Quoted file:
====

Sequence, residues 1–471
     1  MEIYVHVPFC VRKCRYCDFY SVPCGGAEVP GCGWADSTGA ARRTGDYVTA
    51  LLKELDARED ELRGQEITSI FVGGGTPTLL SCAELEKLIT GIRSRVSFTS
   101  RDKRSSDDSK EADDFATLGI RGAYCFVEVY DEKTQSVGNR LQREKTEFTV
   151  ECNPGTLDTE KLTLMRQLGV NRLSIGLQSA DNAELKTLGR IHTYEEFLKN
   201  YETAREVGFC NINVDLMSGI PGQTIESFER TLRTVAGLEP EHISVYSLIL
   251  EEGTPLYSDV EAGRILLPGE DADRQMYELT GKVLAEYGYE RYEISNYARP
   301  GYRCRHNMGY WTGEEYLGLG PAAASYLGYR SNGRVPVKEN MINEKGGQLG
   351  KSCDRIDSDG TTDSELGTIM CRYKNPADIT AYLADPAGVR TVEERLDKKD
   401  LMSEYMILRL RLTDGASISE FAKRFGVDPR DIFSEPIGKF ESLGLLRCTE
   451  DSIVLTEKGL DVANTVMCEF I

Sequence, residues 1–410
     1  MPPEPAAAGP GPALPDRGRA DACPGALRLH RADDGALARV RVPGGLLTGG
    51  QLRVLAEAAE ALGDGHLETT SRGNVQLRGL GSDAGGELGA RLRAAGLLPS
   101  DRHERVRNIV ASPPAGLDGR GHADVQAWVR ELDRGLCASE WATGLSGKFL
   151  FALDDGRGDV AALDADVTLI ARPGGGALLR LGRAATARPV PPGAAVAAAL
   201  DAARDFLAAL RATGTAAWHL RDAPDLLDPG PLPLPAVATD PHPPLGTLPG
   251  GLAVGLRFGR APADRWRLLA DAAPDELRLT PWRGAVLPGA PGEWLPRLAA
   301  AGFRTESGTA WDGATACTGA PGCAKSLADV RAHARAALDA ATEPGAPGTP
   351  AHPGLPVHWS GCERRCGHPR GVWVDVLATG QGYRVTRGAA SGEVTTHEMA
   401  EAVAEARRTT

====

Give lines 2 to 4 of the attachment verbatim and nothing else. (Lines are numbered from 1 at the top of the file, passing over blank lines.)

     1  MEIYVHVPFC VRKCRYCDFY SVPCGGAEVP GCGWADSTGA ARRTGDYVTA
    51  LLKELDARED ELRGQEITSI FVGGGTPTLL SCAELEKLIT GIRSRVSFTS
   101  RDKRSSDDSK EADDFATLGI RGAYCFVEVY DEKTQSVGNR LQREKTEFTV